3 questions to learn if your baby's gut is healthy.
The past several decades have seen an increase in the number of infants with gut dysbiosis. During this same time period, there has been a concomitant increase in the incidence of eczema, allergies, obesity, and diabetes.1-3 Research indicates these two events may be related—and improving the gut microbiome can make an impact.
But can the infant gut microbiome be restored to its original, natural state?
With Evivo activated B. infantis EVC001, Actibif®, yes it can.
Research on the gut microbiome has led to the discovery of hundreds of species of bacteria. The species Bifidobacterium is one of the most important when it comes to the infant gut microbiome, and multiple Bifidobacterium subspecies exist—but only Bifidobacterium longum subsp. infantis (or B. infantis) has specifically co-evolved with human breast milk to thrive in the infant gut. Evivo was developed by scientists who were instrumental in identifying the symbiotic relationship between B. infantis and infants.
Isolated from a healthy infant, B. infantis EVC001 is activated to express the genes required to consume human milk oligosaccharides (HMOs). This well-studied strain was then developed based on scientific understanding of how B. infantis and HMOs should interact in the infant gut. Using a unique patented method during fermentation ensures that Evivo™Activated B. infantis EVC001, Actibif® can work with breast milk better than any other strain of bacteria.
There are hundreds of HMOs found in breast milk, all of which are consumed by Bifidobacterium longum subsp. infantis in the infant gut. B. infantis is the only bacterium that possesses the enzymes necessary to break down the chemical bonds in HMOs. This gives B. infantis an advantage in the gut microbiome, providing it the ability to grow and outcompete other organisms.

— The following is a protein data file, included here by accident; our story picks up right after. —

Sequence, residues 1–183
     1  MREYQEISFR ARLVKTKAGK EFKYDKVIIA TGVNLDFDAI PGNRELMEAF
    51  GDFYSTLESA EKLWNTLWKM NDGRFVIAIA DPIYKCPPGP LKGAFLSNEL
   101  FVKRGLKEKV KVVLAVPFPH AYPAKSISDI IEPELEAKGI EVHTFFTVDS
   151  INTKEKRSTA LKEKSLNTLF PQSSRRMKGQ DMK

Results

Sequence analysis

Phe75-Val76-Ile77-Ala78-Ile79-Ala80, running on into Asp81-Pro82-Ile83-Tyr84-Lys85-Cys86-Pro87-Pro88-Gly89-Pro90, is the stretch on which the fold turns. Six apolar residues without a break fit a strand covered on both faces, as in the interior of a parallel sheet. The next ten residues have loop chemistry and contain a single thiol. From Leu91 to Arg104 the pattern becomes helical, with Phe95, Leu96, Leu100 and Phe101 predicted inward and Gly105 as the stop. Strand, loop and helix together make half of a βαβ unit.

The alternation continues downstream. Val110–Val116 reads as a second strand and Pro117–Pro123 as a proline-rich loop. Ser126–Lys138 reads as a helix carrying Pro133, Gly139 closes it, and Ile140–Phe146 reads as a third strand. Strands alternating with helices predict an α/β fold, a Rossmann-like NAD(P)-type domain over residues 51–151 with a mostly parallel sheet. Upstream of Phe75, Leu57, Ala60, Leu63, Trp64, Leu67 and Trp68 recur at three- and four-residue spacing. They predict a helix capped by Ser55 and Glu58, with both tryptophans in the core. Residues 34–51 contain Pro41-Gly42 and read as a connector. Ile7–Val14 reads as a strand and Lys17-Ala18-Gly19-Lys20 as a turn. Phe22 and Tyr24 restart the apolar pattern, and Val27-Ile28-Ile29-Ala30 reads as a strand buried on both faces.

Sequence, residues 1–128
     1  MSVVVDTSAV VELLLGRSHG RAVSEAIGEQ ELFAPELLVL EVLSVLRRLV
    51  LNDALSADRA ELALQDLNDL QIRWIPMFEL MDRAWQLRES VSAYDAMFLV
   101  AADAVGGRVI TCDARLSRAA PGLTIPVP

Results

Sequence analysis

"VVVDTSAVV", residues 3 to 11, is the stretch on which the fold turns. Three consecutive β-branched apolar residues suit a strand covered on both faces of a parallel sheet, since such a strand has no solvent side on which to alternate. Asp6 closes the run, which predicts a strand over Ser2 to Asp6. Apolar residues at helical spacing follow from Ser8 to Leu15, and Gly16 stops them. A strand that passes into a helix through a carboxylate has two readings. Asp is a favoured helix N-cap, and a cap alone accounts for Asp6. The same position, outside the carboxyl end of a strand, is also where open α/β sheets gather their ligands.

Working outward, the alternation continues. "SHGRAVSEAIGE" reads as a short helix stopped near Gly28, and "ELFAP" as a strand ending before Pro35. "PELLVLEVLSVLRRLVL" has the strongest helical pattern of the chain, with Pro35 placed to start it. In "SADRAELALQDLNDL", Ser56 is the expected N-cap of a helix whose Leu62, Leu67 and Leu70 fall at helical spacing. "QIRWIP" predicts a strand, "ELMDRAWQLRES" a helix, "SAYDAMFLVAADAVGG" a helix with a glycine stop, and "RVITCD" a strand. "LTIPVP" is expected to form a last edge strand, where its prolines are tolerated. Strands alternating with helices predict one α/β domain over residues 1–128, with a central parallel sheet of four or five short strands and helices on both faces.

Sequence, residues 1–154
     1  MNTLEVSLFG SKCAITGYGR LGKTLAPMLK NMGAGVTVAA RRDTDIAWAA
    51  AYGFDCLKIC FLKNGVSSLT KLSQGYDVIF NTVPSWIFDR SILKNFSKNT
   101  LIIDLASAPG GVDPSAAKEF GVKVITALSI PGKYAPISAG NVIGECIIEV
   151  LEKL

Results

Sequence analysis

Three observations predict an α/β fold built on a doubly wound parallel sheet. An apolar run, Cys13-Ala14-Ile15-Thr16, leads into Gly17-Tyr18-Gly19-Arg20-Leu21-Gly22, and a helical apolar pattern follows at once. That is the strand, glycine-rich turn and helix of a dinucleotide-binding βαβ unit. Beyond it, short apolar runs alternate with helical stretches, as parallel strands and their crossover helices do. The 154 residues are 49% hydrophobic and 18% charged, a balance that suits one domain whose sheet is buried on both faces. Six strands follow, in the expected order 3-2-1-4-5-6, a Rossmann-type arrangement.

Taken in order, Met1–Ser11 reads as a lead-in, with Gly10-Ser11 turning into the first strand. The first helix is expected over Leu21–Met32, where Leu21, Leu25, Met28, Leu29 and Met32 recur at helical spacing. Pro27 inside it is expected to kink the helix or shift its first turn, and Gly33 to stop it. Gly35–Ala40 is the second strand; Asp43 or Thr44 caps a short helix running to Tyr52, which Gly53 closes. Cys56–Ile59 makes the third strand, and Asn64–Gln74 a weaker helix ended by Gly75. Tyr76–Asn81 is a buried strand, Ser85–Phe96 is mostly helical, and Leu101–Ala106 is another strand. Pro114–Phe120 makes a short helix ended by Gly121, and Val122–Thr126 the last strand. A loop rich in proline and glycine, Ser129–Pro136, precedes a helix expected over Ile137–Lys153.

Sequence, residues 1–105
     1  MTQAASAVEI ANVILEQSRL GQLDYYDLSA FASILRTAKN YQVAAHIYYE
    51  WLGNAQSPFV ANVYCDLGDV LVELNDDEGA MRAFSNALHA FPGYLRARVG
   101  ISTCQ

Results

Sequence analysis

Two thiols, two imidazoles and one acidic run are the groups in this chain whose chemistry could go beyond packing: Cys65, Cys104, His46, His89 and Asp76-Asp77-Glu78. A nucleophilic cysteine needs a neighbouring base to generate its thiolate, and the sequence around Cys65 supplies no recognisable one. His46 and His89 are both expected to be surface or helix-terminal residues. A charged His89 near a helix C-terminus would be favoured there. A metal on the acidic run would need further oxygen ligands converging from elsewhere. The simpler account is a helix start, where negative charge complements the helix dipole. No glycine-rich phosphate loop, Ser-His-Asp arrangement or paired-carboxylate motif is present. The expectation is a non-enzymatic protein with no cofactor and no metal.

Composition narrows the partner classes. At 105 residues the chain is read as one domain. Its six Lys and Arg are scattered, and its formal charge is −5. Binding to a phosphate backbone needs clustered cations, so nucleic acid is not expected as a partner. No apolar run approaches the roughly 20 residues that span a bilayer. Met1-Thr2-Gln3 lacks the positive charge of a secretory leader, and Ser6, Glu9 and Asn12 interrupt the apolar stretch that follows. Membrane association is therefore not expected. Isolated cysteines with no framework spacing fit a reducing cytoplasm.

Evivo is activated, which means it is better able to metabolize HMOs in breast milk, consuming them in a superior manner. The unique relationship between Evivo and HMOs then allows Bifidobacterium longum subsp. infantis to grow and dominate the infant gut.
The infant gut microbiome develops rapidly during the first year of life, beginning with inoculation of bacteria in the first moments after birth, and the gradual colonization of bacteria during the first weeks of life.4
Evivo, in combination with HMOs, is clinically proven to restore the infant gut microbiome to its original, natural state, setting infants up for improved health. Feeding Evivo with breast milk during the first 0–6 months of life is a key component to establishing a healthy infant gut microbiome—setting a foundation for lifelong health.
References:1. Vatanen T, Kostic AD, d’Hennezel E et al. Variation in microbiome LPS immunogenicity contributes to autoimmunity in humans. Cell. 2016;165(4):842-853.2. Kalliomäki M, Collado MC, Salminen S, Isolauri E. Early differences in fecal microbiota composition in children may predict overweight. Am J Clin Nutr. 2008;87(3)534-538.3. Fujimura KE, Sitarik AR, Havstad S et al. Neonatal gut microbiota associates with childhood multisensitized atopy and T cell differentiation. Nat Med. 2016;22(10):1187-1191.4. Palmer C, Bik EM, DiGiulio DB et al. Development of the human infant intestinal microbiota. PLoS Biol. 2007;5(7):e177.
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In collaboration with the University of California Medical Center, we completed a clinical trial in which breast fed babies were given Evivo once a day for a month and were compared to breast fed babies who didn’t receive any probiotic. After a month, Evivo babies had significantly higher levels of the key good bacteria, B. infantis, in their gut compared to babies who didn’t receive any Evivo. This good bacteria is critical for proper immune system and metabolic development during the first six months of life.